The key is getting a 20-year programme of change that we agree on. We need not agree on all the mechanisms to be used, but we should at least agree on the objectives. If we do that, we will have achieved something that is about good government. We go on about the nanny state, but we are already the nanny state in these areas, and an ineffective one. The costs of that are enormous and we still fail to change people’s lives. This is not about having no government or smaller government, but about having effective government, and I welcome that.

10.34 am

Mr. Jeremy Browne (Taunton) (LD): It is a great privilege for me to congratulate the hon. Member for Nottingham, North (Mr. Allen) on securing the debate and on speaking so eloquently on this subject. It is also a privilege for me to follow the right hon. Member for Chingford and Woodford Green (Mr. Duncan Smith), who also has a long-standing and admirable interest in this field. We have the added context of the fact that the right hon. Member for Darlington (Mr. Milburn), who could not be present today, has been asked by the Prime Minister to do additional work on social mobility. That subject matter is not identical, but it overlaps with what we are discussing.

The problems are familiar to us all as constituency MPs, but it is worth touching on some of them, one of which is educational underachievement. I take the point that once children have reached formal education, much of the mould has already been set and the problems are already in train. Nevertheless, this issue is indicative of a wider malaise.

In the most deprived areas, 44 per cent. of schools achieve the requisite Government target GCSE pass rates, compared with 97 per cent. in affluent areas. So, children reach that level of attainment almost across the board in affluent areas, but in less than half of schools in more deprived areas. Only 21 per cent. of children who receive free school meals achieve five good GCSEs. To touch on the points that the right hon. Member for Chingford and Woodford Green has just made, many people who find themselves, in adult life or adolescence, in prison or otherwise severely disadvantaged have failed to reach those basic levels of attainment much earlier.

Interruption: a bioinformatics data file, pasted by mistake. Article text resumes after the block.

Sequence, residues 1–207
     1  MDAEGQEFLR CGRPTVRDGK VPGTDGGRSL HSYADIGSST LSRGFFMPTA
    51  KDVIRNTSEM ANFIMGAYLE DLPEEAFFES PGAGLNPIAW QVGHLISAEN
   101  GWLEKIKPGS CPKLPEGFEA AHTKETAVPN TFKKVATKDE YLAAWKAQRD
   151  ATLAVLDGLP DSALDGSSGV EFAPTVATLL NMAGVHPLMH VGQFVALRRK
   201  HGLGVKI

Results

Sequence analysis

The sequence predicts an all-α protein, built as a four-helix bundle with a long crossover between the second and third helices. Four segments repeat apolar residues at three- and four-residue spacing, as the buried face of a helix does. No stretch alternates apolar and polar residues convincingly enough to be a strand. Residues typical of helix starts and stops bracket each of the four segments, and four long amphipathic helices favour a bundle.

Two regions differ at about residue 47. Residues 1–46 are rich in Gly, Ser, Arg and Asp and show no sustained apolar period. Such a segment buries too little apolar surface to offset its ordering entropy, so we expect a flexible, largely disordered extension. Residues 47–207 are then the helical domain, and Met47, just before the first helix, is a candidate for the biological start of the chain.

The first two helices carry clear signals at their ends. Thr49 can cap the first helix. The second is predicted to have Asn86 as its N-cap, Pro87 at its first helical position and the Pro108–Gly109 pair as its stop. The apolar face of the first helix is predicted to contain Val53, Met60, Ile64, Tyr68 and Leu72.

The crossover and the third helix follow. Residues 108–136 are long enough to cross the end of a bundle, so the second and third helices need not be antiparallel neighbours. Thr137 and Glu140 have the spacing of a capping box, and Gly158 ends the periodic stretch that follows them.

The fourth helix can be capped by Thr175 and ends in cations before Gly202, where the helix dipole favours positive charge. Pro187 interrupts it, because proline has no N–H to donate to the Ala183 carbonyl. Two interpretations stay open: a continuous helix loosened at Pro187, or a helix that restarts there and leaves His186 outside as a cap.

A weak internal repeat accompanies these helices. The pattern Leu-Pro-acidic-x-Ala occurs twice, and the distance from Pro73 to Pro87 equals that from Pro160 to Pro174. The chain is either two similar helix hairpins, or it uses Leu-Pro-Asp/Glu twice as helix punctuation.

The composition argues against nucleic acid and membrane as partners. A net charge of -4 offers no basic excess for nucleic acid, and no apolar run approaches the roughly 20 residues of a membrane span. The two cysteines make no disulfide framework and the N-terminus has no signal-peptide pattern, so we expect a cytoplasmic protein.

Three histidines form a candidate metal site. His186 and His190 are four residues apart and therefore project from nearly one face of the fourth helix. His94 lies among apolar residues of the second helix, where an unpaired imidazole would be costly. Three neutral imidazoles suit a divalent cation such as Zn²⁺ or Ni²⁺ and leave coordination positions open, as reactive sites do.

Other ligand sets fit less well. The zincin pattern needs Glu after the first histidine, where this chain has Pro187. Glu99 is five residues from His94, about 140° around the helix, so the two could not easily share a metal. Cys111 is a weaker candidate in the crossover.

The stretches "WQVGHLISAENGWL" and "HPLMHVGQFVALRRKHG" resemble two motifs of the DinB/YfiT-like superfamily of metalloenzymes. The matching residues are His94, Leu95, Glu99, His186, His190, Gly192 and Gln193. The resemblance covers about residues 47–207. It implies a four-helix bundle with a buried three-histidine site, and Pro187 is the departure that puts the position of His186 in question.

Relative financial poverty is another factor. The Government deserve some credit for seeking to address that systematically by targeting money, through one-to-one tuition, to equip people with greater skills in the workplace. There are also schemes such as Home-Start—I am familiar with Home-Start in Taunton—which is an excellent organisation. Under the scheme people, mainly mothers, mentor new mothers who are in less fortunate circumstances and try to pass on mothering and life skills.

We have touched on the cost of failing to intervene in terms of prison places and drug rehabilitation programmes. We can all agree that considering the matter simply in statistical terms of financial cost, education and Government programmes may mean neglecting the biggest aspect—the emotional and spiritual poverty in many
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communities. This is not simply about financial poverty; it is about deeply entrenched unemployment, about people living lives that lack structure or focus and about all the social ills that arise from such circumstances.

What about the solutions, inasmuch as we can readily arrive at solutions, and ideas for improvement? I agree with what the hon. Member for Nottingham, North said about the role of local government. We should encourage local communities, not only through local government but at lower and more immediate levels, to be imaginative in their solutions and to take responsibility for their own neighbourhoods. People should not see this as entirely an exercise of initiatives that are devised in London and passed down for implementation.